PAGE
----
As any manager can tell you, the personalities that make up a team make a huge difference in team cohesion and performance. A team that fights all the time isn’t a team, but a team that never disagrees is leaving most of its brain power and critical thinking at the door. Positive, healthy conflict is necessary for any team to function well, but it is even more important in innovation and product teams where differing points of view are essential.
the characteristics of positive vs. negative conflict
Conflict is an inevitable part of workplace relationships. And while it is often uncomfortable, conflict can be a positive force for innovation and overall team performance when it happens constructively, addresses meaningful issues, and is resolved expeditiously.
Positive, healthy conflict is about fighting for ideas, principles, or values. Frequently, healthy conflict is a conflict between values; e.g. “we need to work faster,” vs. “we need to ensure quality and safety.” Positive conflict can also be about fighting for people, e.g. “I believe Sara is the best leadership candidate.” Fighting against ideas, values, or people is rarely positive.
Positive conflict, when handled well, can be energizing for the group and leads to creative problem-solving and better outcomes. It can help the team work through and operationalize its values, and create stories that become an enduring part of team culture and identity.
What is negative conflict? Conflict is negative when it is framed in zero-sum terms; if I win, you loose, and vice versa. Conflict is negative when it becomes personal, or is driven by factors external to job performance and creating a healthy, productive, safe workplace.
unexpressed conflict is always negative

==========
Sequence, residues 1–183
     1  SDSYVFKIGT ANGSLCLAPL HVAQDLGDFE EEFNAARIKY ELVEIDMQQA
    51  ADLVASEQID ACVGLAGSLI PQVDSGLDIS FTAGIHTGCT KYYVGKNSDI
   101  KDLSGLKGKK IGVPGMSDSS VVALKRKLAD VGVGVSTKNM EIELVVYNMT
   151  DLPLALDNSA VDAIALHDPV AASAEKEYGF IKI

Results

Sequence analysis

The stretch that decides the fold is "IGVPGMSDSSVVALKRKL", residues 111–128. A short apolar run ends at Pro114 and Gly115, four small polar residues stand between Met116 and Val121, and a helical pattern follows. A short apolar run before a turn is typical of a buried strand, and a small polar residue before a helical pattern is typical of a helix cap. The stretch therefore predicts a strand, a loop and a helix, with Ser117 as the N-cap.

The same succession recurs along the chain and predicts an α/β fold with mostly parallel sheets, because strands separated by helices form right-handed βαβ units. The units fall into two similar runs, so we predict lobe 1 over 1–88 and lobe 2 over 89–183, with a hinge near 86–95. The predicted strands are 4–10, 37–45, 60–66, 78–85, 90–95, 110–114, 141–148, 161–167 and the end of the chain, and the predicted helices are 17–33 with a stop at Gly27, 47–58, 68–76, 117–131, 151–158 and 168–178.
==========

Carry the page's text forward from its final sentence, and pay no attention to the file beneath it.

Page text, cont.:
Conflict is negative when it is not expressed, no matter how “positive” it might be in motivation. Unexpressed conflict festers, and leads to opaque, confusing outcomes. “Why did Sara suddenly quit?” “Oh, you didn’t know? She’s been unhappy for years with how you run the team.”
Conflict avoidance leads to conflict debt, the sum of all undiscussed and unresolved issues, which accumulates over time and will eventually destroy team performance.
I’m far from the first person to observe that healthy conflict sparks innovation and creativity in the workplace, and there are plenty of resources out there to help you with healthy conflict resolution. Now that we’ve explored what positive, healthy conflict is, let's discuss the factors that support positive conflict in an innovation team.
culture and conflict
Corporate culture generally, and Silicon Valley corporate culture specifically, is highly conflict-avoidant. Conflict avoidance is a form of negative conflict. It leads to conflict debt, resulting in unexpressed problems, interpersonal tensions, and opaque, difficult-to-understand outcomes. When an organization has a well-established pattern of conflict avoidance, it can be very difficult to foster healthy, productive conflict within an innovation or product team.
Modeling positive-conflict behavior and establishing a positive-conflict culture at the beginning is much easier than turning around a passive-aggressive, conflict-avoidant culture once it has taken root. Whether you are founding a positive-conflict culture, or working your way through accumulated conflict debt, three factors are critical: safety, incentives, and leadership
safety and conflict